The WNBA needs a Vin Scully — Veronica Burton talks rookie year — Must-click women’s basketball links
The IX: Basketball Wednesday with Howard Megdal, August 3, 2022
It’s hard to focus on basketball today, honestly. Vin Scully, the voice of my father’s childhood, who spoke eloquently and beautifully on a sport I love, died Tuesday at the age of 94.
While it is easy in retrospect to think of Scully’s path, and impact on the game of baseball, as inevitable, the truth is far more fraught. Scully was a young kid of 23 when he got the chance to broadcast with the Brooklyn Dodgers. He only ascended to the top seat at Ebbets Field because the Yankees lured away Red Barber and Connie Desmond couldn’t overcome his problems with drinking.
And even then, the Dodgers moved to Los Angeles after the 1957 season, and it was no sure thing Scully would join them. The New York kid and Fordham grad had to be convinced.
it is easy to see how, through a women’s sports lens, this whole story might have been covered, isn’t it? The Dodgers, leaving Brooklyn after attendance declined. An announcer hired, out of step with the region and broadcasting games at the Los Angeles Coliseum, famously bad for baseball. We all know what the skeptics would have said.
That’s not how it all went though. New York immediately set about replacing the Dodgers and Giants, eventually ending up with the Mets. Scully, the master of his craft, led his new town into a love of baseball that has persisted for generations and will continue to flower in his memory for as long as the game is played — in Los Angeles, yes, and all over the world, with the Internet allowing us all the chance to enjoy his transcendent storytelling wherever we live.
I mention all this not just because Scully is on my mind today, more than most days, but because the WNBA is at a similar inflection point, in my view, to the Dodgers arriving in Los Angeles. It is a moment where the demand is obvious and strong, and there are new markets to be conquered, large groups of new fans to be won.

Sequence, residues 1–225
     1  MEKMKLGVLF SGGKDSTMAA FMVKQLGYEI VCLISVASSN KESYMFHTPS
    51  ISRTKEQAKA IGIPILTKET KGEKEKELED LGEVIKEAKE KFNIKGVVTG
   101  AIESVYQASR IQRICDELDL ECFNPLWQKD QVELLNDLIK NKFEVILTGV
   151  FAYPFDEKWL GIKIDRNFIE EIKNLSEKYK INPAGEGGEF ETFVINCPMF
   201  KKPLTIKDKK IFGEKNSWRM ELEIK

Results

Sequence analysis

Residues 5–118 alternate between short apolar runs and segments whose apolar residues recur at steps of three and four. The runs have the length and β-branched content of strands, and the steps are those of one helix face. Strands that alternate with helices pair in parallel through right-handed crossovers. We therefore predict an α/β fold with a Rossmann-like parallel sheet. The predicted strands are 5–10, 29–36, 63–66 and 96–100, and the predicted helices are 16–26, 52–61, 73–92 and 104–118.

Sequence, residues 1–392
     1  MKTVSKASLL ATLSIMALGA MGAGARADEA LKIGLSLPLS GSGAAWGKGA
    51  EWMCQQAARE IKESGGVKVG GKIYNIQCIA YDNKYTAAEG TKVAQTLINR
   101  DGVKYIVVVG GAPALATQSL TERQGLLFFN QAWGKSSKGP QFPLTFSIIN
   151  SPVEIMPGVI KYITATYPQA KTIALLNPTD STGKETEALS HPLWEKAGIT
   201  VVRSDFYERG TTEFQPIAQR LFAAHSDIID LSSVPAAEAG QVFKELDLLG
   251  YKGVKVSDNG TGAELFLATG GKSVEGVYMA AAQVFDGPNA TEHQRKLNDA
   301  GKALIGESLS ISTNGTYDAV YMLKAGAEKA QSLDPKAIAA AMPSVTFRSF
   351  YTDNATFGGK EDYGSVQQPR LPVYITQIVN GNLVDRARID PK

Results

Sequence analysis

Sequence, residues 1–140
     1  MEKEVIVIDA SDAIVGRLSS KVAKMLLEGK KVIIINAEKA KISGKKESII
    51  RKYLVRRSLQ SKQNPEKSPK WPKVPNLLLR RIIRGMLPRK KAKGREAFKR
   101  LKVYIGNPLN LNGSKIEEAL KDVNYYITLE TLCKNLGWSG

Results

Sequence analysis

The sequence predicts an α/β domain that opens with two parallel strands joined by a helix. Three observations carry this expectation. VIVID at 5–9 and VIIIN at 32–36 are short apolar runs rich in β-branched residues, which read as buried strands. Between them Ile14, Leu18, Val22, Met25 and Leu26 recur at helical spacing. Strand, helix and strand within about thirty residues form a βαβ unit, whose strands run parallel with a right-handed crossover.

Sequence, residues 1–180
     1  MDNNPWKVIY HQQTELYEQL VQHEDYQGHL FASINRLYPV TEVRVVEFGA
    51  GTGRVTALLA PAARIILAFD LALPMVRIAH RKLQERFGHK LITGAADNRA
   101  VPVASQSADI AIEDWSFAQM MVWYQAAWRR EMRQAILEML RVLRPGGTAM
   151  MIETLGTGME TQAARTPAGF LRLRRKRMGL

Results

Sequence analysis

How did Los Angeles do it? With someone who never talked down to his audience. Not someone who made his rooting interests obvious, or let them interfere with his honest brokering of the game he saw in front of him. A magnetic personality who you wanted to spend time with.
To circle back to the conversation here a few weeks ago, the WNBA, as it considers its media rights future, can create that direct connection with its audience if and only if its games can be found in a single place. It was “time for Dodger baseball”, and those who wished to consume it away from Dodger Stadium had Vin along as their guide. Who can be that person, the Vin Scully of the WNBA?
I think there are some obvious choices. I don’t think it is any coincidence that the WNBA’s best ratings came on NBC, where Ann Meyers Drysdale was the consistent voice. The voice of the WNBA needs to have gravitas, and understanding and love for the game, but doesn’t have to be one with a pre-existing fanbase from the WNBA, anymore than the Fordham college outfielder who grew up rooting for Mel Ott and the Giants needed pre-existing Dodger ties.
Two obvious candidates to me for such a role are LaChina Robinson and Ari Chambers, leaving aside my personal affection for each of them. Neither one played in the WNBA. Both understand the game and could provide a warm, welcoming guide to both established fans and newcomers. The WNBA has an opportunity to create not just a new television home, but relationships as well. That’s how you build the habit — not by finding as many different networks as possible.